What Enterprises Need: Linear Scalability

May 26, 2011

3 minute read

This is the second installment in our weekly technical blog series about Enterprise Content Transformation, titled: What Enterprises Need. The series kicked off with an overview of the reasons your organization needs an ECT platform. This post discusses the importance of scalability when investing in business applications.

First, let’s agree on what Scalability is. According to Webster’s Dictionary, scalability is how well a solution to some problem will work when the size of the problem increases.

When it comes to business applications, scalability can be accommodated to a limited degree by increasing the investment in the hardware that it runs on. A faster processor, more memory, and faster disk access can provide some relief, but is limited to the maximum capacity of available hardware.

To be truly scalable, a business application must be able to operate on multiple servers. As demand for the business application grows, the enterprise can add additional servers to meet that demand. In most cases, however, each new server only provides a percentage of performance of the original server. This is due to the overhead of managing the multiple server and the demand that is placed on them.

If a single server is able to process 100 units of work, then it would be expected that two servers would be able to process 200 units of work. Unfortunately, the effort to manage the distribution of work can consume a portion of each server’s capability, so in most cases, additional servers means an increase to the overall overhead, and thus a diminished increase in overall capacity with each additional server.

A common consideration for overhead is 10% of capacity per server. Assuming 100 units of work per day for the first server, with a 10% overhead for each additional server, the overall capacity of 10 server is 550 units, or only 55% of the expected capacity.

By reducing the overhead associated with managing multiple servers, or by removing the responsibility of this management from the servers to a dedicated management server, it’s possible to achieve much more efficient scalability.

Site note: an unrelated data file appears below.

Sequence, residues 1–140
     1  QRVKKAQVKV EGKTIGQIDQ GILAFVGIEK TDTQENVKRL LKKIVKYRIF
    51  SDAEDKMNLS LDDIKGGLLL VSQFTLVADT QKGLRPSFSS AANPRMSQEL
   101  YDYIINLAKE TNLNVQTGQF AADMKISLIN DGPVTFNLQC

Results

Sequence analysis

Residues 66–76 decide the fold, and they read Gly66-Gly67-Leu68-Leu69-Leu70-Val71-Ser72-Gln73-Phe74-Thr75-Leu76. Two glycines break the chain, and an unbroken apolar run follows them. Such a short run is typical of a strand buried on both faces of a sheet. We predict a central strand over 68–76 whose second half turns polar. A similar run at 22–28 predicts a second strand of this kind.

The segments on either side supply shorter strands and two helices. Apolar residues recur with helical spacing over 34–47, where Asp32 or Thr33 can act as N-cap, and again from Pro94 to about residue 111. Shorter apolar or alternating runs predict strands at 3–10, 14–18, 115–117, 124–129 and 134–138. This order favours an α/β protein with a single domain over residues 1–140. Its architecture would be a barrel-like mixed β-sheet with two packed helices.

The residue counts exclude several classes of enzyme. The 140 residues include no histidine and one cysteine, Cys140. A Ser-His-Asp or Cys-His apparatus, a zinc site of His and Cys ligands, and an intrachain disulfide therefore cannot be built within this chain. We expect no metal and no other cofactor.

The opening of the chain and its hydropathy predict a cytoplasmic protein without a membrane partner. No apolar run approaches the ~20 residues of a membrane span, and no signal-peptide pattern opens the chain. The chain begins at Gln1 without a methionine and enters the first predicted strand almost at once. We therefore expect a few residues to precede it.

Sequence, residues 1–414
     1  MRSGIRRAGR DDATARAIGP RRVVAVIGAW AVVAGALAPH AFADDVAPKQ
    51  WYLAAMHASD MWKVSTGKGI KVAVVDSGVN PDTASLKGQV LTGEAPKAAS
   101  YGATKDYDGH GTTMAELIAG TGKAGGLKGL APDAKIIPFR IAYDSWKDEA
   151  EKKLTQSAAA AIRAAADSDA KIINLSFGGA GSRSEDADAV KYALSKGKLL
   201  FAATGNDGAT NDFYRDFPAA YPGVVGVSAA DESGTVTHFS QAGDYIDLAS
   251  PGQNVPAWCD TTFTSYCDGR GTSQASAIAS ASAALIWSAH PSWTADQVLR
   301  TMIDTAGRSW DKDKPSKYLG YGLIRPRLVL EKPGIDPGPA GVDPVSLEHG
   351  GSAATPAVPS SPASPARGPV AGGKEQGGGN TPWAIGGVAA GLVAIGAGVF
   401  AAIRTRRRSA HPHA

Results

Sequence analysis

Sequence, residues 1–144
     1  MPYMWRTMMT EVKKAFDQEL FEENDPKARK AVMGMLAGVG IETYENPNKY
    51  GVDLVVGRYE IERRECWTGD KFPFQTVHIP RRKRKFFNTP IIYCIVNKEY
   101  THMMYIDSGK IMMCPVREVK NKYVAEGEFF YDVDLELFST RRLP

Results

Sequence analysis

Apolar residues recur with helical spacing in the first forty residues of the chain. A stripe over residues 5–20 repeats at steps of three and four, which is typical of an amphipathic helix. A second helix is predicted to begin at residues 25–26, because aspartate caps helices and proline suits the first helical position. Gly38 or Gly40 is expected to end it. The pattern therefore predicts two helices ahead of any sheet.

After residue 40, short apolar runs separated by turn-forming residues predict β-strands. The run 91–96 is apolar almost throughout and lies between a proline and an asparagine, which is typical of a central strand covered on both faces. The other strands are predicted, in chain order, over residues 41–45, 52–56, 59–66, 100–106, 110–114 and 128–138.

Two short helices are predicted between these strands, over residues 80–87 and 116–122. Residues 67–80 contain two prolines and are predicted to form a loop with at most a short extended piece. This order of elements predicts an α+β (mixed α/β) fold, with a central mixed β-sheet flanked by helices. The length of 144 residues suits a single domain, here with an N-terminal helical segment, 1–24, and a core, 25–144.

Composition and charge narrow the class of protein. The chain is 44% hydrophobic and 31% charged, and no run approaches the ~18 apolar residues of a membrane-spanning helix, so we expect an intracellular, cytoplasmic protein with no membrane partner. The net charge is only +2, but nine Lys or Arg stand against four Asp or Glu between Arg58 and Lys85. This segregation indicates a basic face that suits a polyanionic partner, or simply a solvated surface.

In the next example, we take a business application which is designed for enterprise scalability and, using the same numbers but with an overhead of only .2%, we realize an overall capacity of 991 units per work day for 10 nodes, achieving 99.1% of the expected capacity.

In the case of Enterprise Content Transformation, an architecture that supports low-overhead scalability is a must-have. Content Transformation is very CPU and disk-intensive, often requiring multiple servers to meet high-volume requirements while accommodating tight Service Level Agreements, or to provide High Availability, Fault Tolerance and supporting Disaster Recovery plans.

Adlib’s architecture is designed for high scalability, meaning it is a simple process to add additional servers, and the overhead for managing the load across servers is minimal, achieving perfect linear scalability.

When deploying multiple servers for Fault Tolerance and High-Availability, there is also the added benefit of deploying in an Active-Active fashion. It is common practice to utilize a fail-over cluster approach where you have a Active/Inactive deployment, where one server is in production and use, and if it fails, then the backup server will take its place. This approach has a number of disadvantages:

  1. Backup hardware is rarely (if ever) utilized – meaning an inefficient use of available resources
  2. The mechanism for switching needs to be periodically tested to ensure that if a failure were to occur, the service will continue to be available

With Adlib, the architecture permits an Active/Active deployment, meaning that both the primary and secondary servers are always in use. The benefits: Capacity is effectively doubled, and the mechanism to distribute the load across the available resources is constantly utilized, making is simple to apply patches and OS updates to one server while the other continues to function normally. (No special provisions or switching needs to take place)

When investing in business applications, it is important to consider the scalability of the application:

  • What is the long-term strategy for this technology in your enterprise, and is there a feasible plan for increasing the capacity and capability of this investment as you grow?
  • Or are you going to need to replace the technology and find one that grows with you?
  • Or even worse, will you need to invest more and more into a technology that will provide you with less per dollar with each investment?

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